INTERVIEW: James Baxter Talks The Croods

The Croods PosterAhead of his latest film’s December 9th home entertainment release, British head of character animation James Baxter was kind enough to discuss with me the work he did on DreamWorks Animation’s caveman comedy The Croods.

For the uninitiated, the film centres on Eep (Emma Stone) and her family of troglodytes as they are forced to leave the safety of their cave and venture out into the weird and wonderful world around them. While father Grug (Nicolas Cage) errs on the side of caution, Eep yearns for adventure, befriending a self-proclaimed modern man (voiced by Ryan Reynolds) as she endeavours to evolve — or die trying.

Though the character designs and behavioural observations suggest relatively more than just a basic understanding of human evolution, at least when compared to other children’s movies (I’m looking at you, Ice Age), Baxter admits that his team only researched the film up to a point.

“I’m a big fan of evolutionary biology and I always have been, it’s one of the things I’m interested in, but all of that just kind of gets thrown out of the window when you’re doing a movie like this. It’s such a fantasy that if you actually had to defend it on scientific grounds you’d be in trouble.”

Although not as hands on as he’d perhaps like to have been, instead working with a team of up to thirty animators on the busiest days, Baxter did manage to animate Douglas the ‘crocodog’ on a number of occasions. While the human characters bear at least some resemblance to the historical records, however, the flora and fauna that they encounter are often a little more difficult to identify.

“It was fun to play with the idea that some of these creatures are these evolutionary dead-ends. We had certain things that we ended up not doing because they were really kind of contrary to presenting a world which felt like planet earth. We had to do this sort of slight rationalisation, just so that we could figure out how these animals would move or how they would behave.”

Although a sequel has since been announced, Baxter and his team never took the possibility of another film for granted. The animators would often joke that characters or environments could be put in The Croods 2, but as he points out, to count on it would have been presumptuous. “But I’m glad they’re making one”, he adds, “I think there’s a lot of unexplored territory”.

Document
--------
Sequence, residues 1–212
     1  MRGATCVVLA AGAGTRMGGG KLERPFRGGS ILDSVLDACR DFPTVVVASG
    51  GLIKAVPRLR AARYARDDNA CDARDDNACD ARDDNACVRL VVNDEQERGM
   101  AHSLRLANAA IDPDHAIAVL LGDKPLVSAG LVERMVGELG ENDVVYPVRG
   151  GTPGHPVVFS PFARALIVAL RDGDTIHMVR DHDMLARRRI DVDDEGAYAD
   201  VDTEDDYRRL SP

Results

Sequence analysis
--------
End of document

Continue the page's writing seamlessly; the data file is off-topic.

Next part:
Unlike DreamWorks Animation’s previous film, Rise of the Guardians, The Croods has evidently proven lucrative enough to warrant another adventure. The film didn’t just follow a box office disappointment (though Rise of the Guardians is now in the green), however, it was also the first film to be distributed by 20th Century Fox rather than Paramount, yet he assures me that there was almost no additional pressure behind the scenes to get it right.

“I’m sure there was [pressure], amongst the financial people [laughs]. Strangely enough, we were already deep into doing Croods by the time Guardians came out, and you have so much momentum by that  point on a movie that it doesn’t really change what you’re doing so much. I guess you just have to keep your fingers crossed for it, every time you do this, just to see if people are going to respond to it.”

It seems that, for Baxter at least, people have been responding to his work for years. He started out at Disney around the time of Who Framed Roger Rabbit, and one of his first jobs — at just 23 years of age — was to animate Belle for a little film called Beauty and the Beast. At the time, however, there was little indication that it would go on to become such a classic, widely considered to be one of Disney’s finest features.